It’s the time for Easter, a time for a vacation. Many of you are eagerly waiting for Easter week which is always celebrated on first Sunday after the ecclesiastical full moon following the Vernal Equinox. It gives us the chance to welcome the spring after the prolonged dark winters. Although Norway is predominantly a secular country, the arrival of spring is always welcomed by people to spend time with their loved one. It’s a time for a family reunion and a needed break from work and schools.
Easter is special for me; I look forward to Easter candy and Sunday dinners. I will cook leg of lamb stuffed with garlic and served with root vegetables and potatoes.
Why Paint Easter Eggs?
Painting Easter eggs are easier than trying to wallpaper them! Well jokes apart, but eggshells were decorated since ancient time. Ostrich eggs were decorated and engraved in ancient Africa dated 60,000 years ago. Eggs especially ostrich eggs are associated with death and rebirth. During the pre-dynastic period of Egypt and early cultures of Mesopotamia and Crete, decorated ostrich eggs with gold and silver, were placed in graves of Sumerians and Egyptians.
Influence of ancient Egyptians and Sumerians is seen on modern Christian and Islamic religions. Also, ancient influence like cultural, political and mercantile is seen around Mediterranean areas.
“Easter egg” for me defines a “secret feature” than the painting of eggs. This term originates from the 1979 video game called “Adventure”. It was coined for the Atari 2600 game console which was programmed by an employee “Warren Robinett”. Fearing competitors would steal his employees; Atari didn’t acknowledge employees names in the game credits. Warren Robinett who didn’t agree with his senior over lack of credits secretly and unknown to others, he inserted the message “Created by Warren Robinett”.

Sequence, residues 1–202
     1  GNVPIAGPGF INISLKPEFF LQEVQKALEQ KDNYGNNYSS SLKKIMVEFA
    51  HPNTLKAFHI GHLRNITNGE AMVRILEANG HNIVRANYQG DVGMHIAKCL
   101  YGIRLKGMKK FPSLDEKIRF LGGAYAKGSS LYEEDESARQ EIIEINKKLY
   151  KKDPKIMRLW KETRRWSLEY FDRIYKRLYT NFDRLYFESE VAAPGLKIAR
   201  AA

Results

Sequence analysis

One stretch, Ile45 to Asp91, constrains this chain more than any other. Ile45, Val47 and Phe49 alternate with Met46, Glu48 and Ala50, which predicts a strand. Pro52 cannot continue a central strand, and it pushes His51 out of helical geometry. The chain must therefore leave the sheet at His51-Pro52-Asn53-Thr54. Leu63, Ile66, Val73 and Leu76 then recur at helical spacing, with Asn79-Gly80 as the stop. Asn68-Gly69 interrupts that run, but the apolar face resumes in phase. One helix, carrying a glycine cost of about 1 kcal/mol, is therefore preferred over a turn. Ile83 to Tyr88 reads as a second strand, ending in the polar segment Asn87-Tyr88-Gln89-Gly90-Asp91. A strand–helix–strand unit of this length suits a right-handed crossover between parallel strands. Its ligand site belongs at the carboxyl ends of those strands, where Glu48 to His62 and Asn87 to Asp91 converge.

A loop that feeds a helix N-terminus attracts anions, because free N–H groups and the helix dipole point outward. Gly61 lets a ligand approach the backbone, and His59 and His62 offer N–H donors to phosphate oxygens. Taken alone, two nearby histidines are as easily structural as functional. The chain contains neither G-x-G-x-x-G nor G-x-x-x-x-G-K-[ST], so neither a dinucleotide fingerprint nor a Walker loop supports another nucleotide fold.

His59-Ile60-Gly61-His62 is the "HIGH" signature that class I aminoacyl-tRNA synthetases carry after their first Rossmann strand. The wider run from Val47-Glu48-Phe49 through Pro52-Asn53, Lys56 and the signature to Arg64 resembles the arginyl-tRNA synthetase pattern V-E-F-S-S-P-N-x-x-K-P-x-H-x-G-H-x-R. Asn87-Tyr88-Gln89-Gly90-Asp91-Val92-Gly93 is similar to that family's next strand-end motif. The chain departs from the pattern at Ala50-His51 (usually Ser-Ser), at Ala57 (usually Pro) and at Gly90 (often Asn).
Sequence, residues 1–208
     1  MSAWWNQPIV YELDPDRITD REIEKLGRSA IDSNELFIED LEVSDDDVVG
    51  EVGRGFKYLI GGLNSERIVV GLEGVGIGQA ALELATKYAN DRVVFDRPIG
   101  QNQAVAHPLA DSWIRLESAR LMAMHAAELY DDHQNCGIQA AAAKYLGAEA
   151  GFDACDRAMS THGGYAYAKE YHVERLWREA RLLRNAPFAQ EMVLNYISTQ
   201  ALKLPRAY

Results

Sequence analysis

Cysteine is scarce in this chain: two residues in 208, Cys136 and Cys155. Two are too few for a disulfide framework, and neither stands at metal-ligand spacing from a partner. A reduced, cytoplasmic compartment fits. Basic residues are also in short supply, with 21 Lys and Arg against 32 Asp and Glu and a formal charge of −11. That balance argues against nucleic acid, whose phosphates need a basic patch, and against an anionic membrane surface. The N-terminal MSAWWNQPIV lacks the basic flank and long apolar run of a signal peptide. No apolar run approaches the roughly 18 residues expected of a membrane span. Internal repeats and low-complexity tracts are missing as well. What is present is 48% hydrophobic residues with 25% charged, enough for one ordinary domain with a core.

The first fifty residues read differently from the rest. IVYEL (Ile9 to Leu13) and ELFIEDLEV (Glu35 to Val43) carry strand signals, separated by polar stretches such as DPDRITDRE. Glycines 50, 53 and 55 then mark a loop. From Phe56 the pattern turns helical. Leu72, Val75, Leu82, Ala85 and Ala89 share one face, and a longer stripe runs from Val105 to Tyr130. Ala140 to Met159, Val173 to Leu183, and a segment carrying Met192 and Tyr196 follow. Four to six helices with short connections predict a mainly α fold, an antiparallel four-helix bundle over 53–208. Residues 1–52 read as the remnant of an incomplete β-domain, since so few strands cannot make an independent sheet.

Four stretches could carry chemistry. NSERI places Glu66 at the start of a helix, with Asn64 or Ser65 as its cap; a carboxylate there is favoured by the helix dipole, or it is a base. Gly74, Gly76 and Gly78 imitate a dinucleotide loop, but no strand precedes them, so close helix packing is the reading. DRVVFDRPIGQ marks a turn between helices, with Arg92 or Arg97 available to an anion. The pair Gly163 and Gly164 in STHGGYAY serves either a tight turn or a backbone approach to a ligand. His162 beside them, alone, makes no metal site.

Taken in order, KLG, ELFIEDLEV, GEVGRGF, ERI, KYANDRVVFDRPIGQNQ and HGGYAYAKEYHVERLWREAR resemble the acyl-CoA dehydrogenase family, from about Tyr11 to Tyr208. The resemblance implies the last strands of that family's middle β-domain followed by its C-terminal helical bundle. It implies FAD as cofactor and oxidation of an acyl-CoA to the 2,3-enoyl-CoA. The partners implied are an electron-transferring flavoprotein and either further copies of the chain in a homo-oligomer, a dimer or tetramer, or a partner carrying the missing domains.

It was designed in such a way that, during a particular part of the game if the avatar of a player is moved over a particular pixel, the secret and unofficial message “Created by Warren Robinett” would appear.
After Robinett’s exit from Atari, the specific Gray Dot and the message which were unofficial were exposed by players. This discovery was soon informed to Atari. Atari’s management wanted the message to be removed but this would cost them a high price. Steve Wright, then the Director of Software Development at the Atari Consumer Division, proposes to keep the message and encouraged the insertion of such kind of messages in upcoming games, and coined them as Easter eggs for the players to find them.
With this “secret Easter egg’s”, I am hoping for a sunny weekend. Happy Easter to all, tune in next week for a new and exciting post 🙂 .